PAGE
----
As noted earlier, the first part is further divided into four issues or thematic fields; the first being Globalization and Localization, which consists of four more theoretically oriented articles. They discuss the questions of value, cultural exchange, cultural production and law. The second part deals with Actors and Forms in cultural economy and includes three articles raising the questions of free culture and Creative Commons, cultural entrepreneurs, and intergovernmental policy actors. The third part consisting of ten articles is entitled Regional Realities. Contributors from all over the world write on different local views from which globalization and cultural economy are experienced and analysed. Regions and continents included are as follows: Africa, South Asia, East Asia, South Korea, Central Asia, Europe, European post-communist and transitional countries, Southeastern Europe, Latin America and the Caribbean, and the USA. The fourth part of the section entitled Fields and Genres deals with specific fields and sectors within cultural economy. It also consists of ten articles embracing subjects from film and television, the gaming industry, digital media, fashion, through festivals, the Bahia carnival, indigenous art, handicrafts and soft industrial design, to the specific locality of New York's Chelsea District.
Part One, The Cultural Economy, of the book closes with an article by Allen J. Scott entitled Cultural Economy: Retrospect and Prospect. Its author addresses globalization as a process leading to a "…polycentric pattern of production on the supply side and increasing variety of options on the demand side" (p. 317). In the light of the economic development, several policy recommendations were made, especially regarding the spatial logic of different cultural economy sectors, the need to intervene at critical junctures in the production system, and the urban milieu and the ability of the sector to reach out to the consumers in the wider world.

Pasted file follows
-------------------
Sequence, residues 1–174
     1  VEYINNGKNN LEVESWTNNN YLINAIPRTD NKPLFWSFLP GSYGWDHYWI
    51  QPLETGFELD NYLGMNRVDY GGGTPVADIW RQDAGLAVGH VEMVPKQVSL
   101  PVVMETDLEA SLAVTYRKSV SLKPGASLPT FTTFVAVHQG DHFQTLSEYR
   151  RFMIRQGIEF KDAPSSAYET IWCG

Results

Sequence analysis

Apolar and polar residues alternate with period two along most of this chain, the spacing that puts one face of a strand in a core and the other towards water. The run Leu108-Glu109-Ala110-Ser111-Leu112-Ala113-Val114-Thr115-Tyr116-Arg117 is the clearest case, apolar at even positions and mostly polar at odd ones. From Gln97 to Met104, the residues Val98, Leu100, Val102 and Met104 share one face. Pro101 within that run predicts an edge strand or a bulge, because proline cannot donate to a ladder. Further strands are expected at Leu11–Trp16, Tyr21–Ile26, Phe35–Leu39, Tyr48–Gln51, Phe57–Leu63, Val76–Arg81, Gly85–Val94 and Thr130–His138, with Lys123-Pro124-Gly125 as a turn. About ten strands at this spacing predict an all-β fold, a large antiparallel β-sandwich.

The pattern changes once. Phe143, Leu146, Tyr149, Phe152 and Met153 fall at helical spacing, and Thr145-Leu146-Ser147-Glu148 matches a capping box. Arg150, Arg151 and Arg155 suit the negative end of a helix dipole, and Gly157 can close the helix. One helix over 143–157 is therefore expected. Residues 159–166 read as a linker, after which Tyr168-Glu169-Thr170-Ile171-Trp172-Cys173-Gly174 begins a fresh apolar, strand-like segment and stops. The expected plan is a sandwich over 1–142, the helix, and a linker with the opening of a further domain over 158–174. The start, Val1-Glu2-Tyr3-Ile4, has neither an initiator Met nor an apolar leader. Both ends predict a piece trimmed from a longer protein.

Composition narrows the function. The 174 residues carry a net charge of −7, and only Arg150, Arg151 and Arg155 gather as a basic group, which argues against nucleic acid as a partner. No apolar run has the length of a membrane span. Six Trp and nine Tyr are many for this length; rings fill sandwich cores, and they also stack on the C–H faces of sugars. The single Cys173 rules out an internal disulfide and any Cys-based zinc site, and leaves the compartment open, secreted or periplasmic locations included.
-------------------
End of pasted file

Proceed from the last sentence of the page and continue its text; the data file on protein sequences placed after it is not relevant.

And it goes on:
Part Two of the volume, Indicator Suites, written by Helmut Anheier, consists of very detailed and meticulous data on key issues in the relationships between culture and economy in the context of globalization. The data are presented in a graphically very attractive way and through a very complex framework.
The book provides a good presentation of our contemporary global socio-cultural and theoretical pluralism, but places itself on a thin line between coherence on the one side and pluralism which can turn into a cacophony on the other. However, it remains well within reasonable boundaries due to the strong influence of the editors on the overall contribution of different authors. What is evident from the start is that the book is very sophisticated and precise, sometimes written with a very dense language that is at times hard to follow. Nevertheless, this book is not meant to be read in a few days but to be a long lasting source of information. In this flexible and shape-shifting field of cultural economy and globalization, only time will tell whether it will stand the test of time.
(A previous announcement of the volume by Culturelink is available at www.culturelink.org/news/publics/2008/publication2008-021.html.)